Corinne Hofman, Professor of Caribbean Archaeology at Leiden University, received the 2013 Academy Merian Prize for female researchers. The aim of her research is to tell the story of the colonisation of American continent from the perspective of its indigenous population.
Under her leadership, Leiden’s Caribbean Research Group has become the biggest and most successful in the world in this field. Professor Hofman was also appointed Dean of the Faculty of Archaeology at Leiden in September 2013.
About the laureate
Corinne Hofman’s research shows that the history of the Caribbean goes back thousands of years before the arrival of Columbus. Without written sources, however, that history can only be reconstructed from archaeological finds. Hofman began excavating sites on the island of Saba in the 1980s, and since then has done field work virtually throughout the entire region. She has been driven by the idea that the Caribbean islands and parts of the mainland were once linked by a network in which people, goods and ideas circulated freely. She works with research groups in other disciplines specialising in isotopes and DNA analysis, network theory, history and ethnography.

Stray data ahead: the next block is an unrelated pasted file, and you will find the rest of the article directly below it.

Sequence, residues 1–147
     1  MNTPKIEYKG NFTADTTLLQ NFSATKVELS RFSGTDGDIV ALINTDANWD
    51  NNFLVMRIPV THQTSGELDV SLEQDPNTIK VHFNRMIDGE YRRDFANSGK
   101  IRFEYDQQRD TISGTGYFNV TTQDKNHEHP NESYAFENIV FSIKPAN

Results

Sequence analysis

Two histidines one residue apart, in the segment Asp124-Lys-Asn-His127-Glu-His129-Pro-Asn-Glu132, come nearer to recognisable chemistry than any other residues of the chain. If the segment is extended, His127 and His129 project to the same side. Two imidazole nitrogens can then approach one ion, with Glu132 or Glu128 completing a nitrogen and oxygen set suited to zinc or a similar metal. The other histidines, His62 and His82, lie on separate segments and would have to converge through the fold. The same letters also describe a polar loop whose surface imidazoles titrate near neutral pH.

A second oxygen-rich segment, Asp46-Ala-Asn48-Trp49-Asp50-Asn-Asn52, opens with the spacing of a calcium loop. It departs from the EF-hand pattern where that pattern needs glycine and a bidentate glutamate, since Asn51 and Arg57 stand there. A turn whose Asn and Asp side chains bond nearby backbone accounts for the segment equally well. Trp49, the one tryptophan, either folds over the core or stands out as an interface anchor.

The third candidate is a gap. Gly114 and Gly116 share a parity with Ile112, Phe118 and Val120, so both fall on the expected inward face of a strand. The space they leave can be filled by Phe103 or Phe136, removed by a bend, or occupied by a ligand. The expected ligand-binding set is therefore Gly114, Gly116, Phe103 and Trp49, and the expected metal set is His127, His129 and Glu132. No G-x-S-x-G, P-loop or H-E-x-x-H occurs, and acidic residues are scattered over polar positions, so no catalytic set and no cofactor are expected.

In addition to a grant from the NWO Open Competition, Professor Hofman recently received ESF HERA funding and the prestigious ERC Synergy Grant. This will allow her to begin collaborating with three other research groups in the Netherlands, Germany and Belgium this autumn on a new, large-scale multidisciplinary study exploring the first cultural encounters between European colonizers and the New World from the perspective of the indigenous population. Hofman’s aim in her research is to raise the historical consciousness and self-awareness of the current population of the Caribbean. She regularly invites schools to visit her excavation sites.